Published: April/May 2009
Lessons of the Lost Guru
Forgo the latest health fads for these back-to-basics rules from America’s first man of fitness.
Text by Mark Adams

Bernarr Macfadden may have known as much about fine-tuning the human machine as any person who ever lived. The brawny brain behind a fitness system he called Physcultopathy, Macfadden was a self-taught wellness entrepreneur and America’s founding father of bodybuilding. (Time magazine dubbed him "Body Love" Macfadden, and Charles Atlas was just one of his discoveries.) Starting more than a hundred years ago, he gathered data from tens of thousands of clients, which he used to compile his 3,000-page Encyclopedia of Physical Culture, a reference work that offered natural remedies for every malady from kleptomania to cancer. His magazine Physical Culture dispensed advice on all subjects health related and sold more than 50 million copies between the World Wars. Crack any diet or exercise book today, from the Skinny Bitch series to Body for Life, and you’ll find ideas Macfadden first popularized.

In the course of writing a biography of Macfadden, I became fascinated by Physcultopathy and its driving principle that almost anyone could radically change his or her health virtually overnight using methods that would have been familiar to the ancient Greeks. His motto was "Weakness is a crime—don’t be a criminal!" A century before Oprah suffered her first diet relapse, Macfadden devoted his life to convincing his sedentary countrymen that strength and health weren’t inalienable rights; they were duties to be upheld by every man, woman, and child. Ideally, no one would ever visit a doctor or need a cup of coffee to feel ready to grab life by the lapels. In the pages of Physical Culture, bedridden asthmatics swore off meat to become cross-country runners, and stick-armed men sprouted bulging biceps by drinking nothing but milk.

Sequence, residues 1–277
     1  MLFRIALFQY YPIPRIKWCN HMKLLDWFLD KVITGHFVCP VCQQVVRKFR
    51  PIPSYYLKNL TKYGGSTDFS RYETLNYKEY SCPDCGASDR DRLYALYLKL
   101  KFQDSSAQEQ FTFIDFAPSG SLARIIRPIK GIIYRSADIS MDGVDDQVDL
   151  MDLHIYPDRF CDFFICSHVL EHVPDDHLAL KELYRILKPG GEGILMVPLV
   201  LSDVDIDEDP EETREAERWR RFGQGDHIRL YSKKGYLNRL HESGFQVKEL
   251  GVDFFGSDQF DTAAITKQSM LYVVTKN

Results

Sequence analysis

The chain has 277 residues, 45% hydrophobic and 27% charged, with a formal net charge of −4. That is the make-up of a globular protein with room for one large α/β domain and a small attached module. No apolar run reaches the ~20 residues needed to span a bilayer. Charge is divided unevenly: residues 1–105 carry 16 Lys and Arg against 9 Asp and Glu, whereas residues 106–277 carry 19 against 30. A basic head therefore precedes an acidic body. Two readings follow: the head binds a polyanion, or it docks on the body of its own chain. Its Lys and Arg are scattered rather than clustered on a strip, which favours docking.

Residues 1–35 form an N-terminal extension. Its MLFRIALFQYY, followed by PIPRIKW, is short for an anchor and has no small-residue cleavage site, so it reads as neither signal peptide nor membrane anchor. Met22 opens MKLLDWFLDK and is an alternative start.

As someone who’s covered the fitness industry for more than a decade and has a basement filled with gear once considered cutting-edge and essential—does anyone still repair StairMasters?—I was curious about the efficacy of Macfadden’s extreme back-to-basics techniques. In the spirit of Dr. Jekyll, I decided to try three on myself: a three-day water fast followed by cutting my daily caloric intake in half; a raw food diet; and a high-mileage walking regimen. I expected to lose weight. As it turned out, I also gained a whole new perspective on fitness.

Next: Experiment No. 1: Running on Empty

Experiment No. 1: Running on Empty

I’ll spare you the physiological details of my three-day water fast, other than to say that it was generally unpleasant, that I reached a point of extreme hunger that subsided by the third day, and that 24 hours after I started back on solid food I felt purified and ecstatic, about as good as I have in my entire adult life.

The fast seemed to have a rebooting effect. My cravings for beer and ice cream (two pillars of my personal diet) all but vanished. I could normally force myself through a few three-mile jogs every week, but now my endurance skyrocketed, even as I consumed about half my usual calories. I ran a half-marathon with ease just a month later.